DETROIT – By now, most of the basketball universe is aware that Joel Embiid voiced his displeasure with the way he’s being utilized by the 76ers.
Embiid didn’t play in Friday’s 117-111 victory over the Pistons in Detroit because the team was “resting him.” It was a game in which Jimmy Butler scored a game-high 38 points -- for the second straight game -- with 26 points coming in the second half. Coach Brett Brown called it the best win of the season under the circumstances.
But at 5:45 p.m. – an hour, 15 minutes before game time – Embiid said his recent struggles had more to do with his new role as opposed to being tired. Some interpreted the 76ers All-Star center’s statement as if he’s unhappy with the addition of Butler, a four-time All-Star. That’s not true. It’s actually far from it. Embiid knows that Butler is the third star the team needs to pair with him and Ben Simmons.
He did convey he is indeed unhappy with his role, a role that has changed since the Sixers (18-9) acquired Butler via a trade with the Minnesota Timberwolves back on Nov. 12.
But it must be emphasized that this is not an Embiid vs. Butler problem. It’s a Brett Brown problem. The Sixers coach must find a way to keep both of his All-Stars engaged, and all signs point to that not becoming an issue. That’s because Butler enjoys playing with Embiid, and actually defers to him. The two get along well and Butler is unfazed by Embiid’s displeasure. There is not an issue with it today. One gets a sense there won’t be an issue any time soon -- if at all.
Brown, aware that even Hall of Fame coaches are expendable, has to keep Butler and Embiid happy while, at the same time, winning games and strengthening his status.
While Butler is the veteran star this team dearly needs to go deep into the playoffs, the organization has created a culture where Embiid is bigger than any other employee -- coach and general manager included. He’s a good friend of co-owner Michael Rubin, who attended Friday’s game in Motown. And Embiid is recognized as “The Process,” playing off the “Trust the Process” slogan.
So the team tried to go into damage control mode Friday night shortly after Embiid voiced his displeasure. After reading the article, Embiid reached out to me to stress that he’s not upset with Butler or with the trade. He wanted to add that he’s disappointed with his performance and wants to help his team.
But Friday’s initial comments didn’t go over well with Brown, who is upset that Embiid aired his frustration in the media.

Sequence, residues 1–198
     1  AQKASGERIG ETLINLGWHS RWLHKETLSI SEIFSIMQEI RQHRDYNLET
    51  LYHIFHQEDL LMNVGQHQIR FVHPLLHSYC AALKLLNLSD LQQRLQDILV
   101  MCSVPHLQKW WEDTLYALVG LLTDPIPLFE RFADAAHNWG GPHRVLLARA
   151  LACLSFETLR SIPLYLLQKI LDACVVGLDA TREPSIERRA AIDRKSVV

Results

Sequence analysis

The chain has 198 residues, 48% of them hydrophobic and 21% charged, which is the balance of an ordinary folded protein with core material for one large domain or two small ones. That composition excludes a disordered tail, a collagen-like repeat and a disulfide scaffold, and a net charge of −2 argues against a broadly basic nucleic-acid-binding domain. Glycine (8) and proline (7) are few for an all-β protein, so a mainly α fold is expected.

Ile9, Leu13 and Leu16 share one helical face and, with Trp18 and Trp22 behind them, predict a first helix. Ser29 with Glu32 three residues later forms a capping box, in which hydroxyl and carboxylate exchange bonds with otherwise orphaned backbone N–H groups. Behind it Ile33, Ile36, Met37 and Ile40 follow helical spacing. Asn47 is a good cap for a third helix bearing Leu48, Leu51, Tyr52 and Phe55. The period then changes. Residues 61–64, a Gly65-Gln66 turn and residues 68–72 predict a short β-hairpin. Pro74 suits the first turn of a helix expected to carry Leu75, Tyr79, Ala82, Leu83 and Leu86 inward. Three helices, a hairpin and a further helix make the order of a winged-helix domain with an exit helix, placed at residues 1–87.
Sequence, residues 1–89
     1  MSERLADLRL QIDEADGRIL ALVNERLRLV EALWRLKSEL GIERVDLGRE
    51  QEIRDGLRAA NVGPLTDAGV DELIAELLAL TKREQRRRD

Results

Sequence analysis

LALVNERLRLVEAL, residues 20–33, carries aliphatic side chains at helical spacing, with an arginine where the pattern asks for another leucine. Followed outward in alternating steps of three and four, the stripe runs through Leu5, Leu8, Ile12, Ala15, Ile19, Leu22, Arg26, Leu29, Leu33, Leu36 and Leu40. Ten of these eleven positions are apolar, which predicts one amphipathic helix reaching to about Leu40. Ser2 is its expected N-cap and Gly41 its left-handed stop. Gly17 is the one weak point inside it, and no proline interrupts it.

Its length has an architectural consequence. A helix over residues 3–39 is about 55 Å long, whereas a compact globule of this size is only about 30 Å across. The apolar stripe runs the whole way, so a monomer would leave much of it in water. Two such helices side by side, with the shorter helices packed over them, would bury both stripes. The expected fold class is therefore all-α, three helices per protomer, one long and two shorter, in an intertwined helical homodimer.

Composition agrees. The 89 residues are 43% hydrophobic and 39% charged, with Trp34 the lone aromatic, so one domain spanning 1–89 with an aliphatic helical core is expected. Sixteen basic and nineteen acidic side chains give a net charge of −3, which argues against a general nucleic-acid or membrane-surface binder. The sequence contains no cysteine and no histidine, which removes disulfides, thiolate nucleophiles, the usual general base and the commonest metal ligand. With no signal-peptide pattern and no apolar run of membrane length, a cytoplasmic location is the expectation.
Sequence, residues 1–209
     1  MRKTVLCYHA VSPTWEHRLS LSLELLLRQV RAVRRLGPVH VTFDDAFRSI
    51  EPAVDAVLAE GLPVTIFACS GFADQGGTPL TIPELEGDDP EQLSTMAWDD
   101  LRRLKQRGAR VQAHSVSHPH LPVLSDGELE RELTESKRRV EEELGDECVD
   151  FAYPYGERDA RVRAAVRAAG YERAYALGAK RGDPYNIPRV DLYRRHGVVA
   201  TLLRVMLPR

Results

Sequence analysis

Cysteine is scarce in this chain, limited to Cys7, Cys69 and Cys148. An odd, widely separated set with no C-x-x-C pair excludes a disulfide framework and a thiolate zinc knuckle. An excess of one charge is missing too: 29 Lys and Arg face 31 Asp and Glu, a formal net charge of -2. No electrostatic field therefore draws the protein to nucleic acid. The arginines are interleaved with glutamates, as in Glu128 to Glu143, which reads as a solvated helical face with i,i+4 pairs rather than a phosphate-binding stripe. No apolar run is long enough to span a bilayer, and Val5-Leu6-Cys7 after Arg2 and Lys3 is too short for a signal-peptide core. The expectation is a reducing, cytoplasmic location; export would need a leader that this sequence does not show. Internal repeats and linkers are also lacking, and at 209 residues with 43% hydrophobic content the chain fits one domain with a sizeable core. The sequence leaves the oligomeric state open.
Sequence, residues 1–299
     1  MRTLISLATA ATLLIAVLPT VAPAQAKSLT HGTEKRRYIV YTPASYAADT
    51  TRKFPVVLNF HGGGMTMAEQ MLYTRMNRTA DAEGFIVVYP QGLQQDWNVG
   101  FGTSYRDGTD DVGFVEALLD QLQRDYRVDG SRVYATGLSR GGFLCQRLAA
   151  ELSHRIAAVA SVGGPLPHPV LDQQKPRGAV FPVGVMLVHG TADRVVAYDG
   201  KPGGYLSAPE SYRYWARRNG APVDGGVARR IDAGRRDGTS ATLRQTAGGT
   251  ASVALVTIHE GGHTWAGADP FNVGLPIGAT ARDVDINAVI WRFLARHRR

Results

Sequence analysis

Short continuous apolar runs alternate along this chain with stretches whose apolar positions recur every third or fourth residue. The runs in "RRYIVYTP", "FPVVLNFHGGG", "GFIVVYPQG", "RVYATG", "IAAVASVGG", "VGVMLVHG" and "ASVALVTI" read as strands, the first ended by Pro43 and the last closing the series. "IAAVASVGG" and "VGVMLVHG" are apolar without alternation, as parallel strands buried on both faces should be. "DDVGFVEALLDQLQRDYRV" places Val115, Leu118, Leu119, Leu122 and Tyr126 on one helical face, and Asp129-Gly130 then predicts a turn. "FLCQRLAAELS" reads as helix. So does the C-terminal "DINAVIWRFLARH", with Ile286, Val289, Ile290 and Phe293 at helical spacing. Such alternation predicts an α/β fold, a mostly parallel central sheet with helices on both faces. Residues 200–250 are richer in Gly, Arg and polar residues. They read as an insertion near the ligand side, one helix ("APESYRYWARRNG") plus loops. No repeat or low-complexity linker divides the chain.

This isn’t the first time Embiid voiced his displeasure with situations. In most instances, his speaking-up led to him getting his own way.
He’s hoping the same thing happens this time.
But right now, it’s obvious that Butler has some leverage and the team wants to keep him happy.
The swingman is expected to opt out of the final season of his contract this summer and become a free agent. At that point, the Sixers will be able to offer him a five-year, $190 million max salary. The organization would love for him to accept that, considering they gave up a lot to the Timberwolves to acquire him. His leaving in free agency would set the franchise back at least two steps. The Sixers will do everything in their power to make sure he remains with the organization.
Meanwhile, Embiid is locked up for the next four seasons after signing a maximum-salary rookie extension back on Oct. 10, 2017. He’s the league’s top center and the face of the franchise. So he’s definitely not going anywhere.
Before the Butler trade, it was obvious that Brown wanted Embiid to incorporate more of what they call “Bully Ball,” getting the ball in the paint and attacking the rim in the early going, into his game.
But recently, the Sixers abandoned feeding the 7-foot-2, 270-pounder down low on the block early in games. Embiid pointed out that Brown has had him starting on the perimeter in sort of a stretch-five role.
Embiid thinks his new role contributed to his not playing well offensively in his last three games. It has been upsetting to the 24-year-old, who wants to help the team achieve success.
Why wouldn’t he?
Embiid is the longest tenured Sixer and was still the face of the franchise while being sidelined his first two seasons with two foot surgeries.
At the end of the day, Butler and Embiid both need to be in positions to excel. For Embiid, that requires getting the ball on the low post.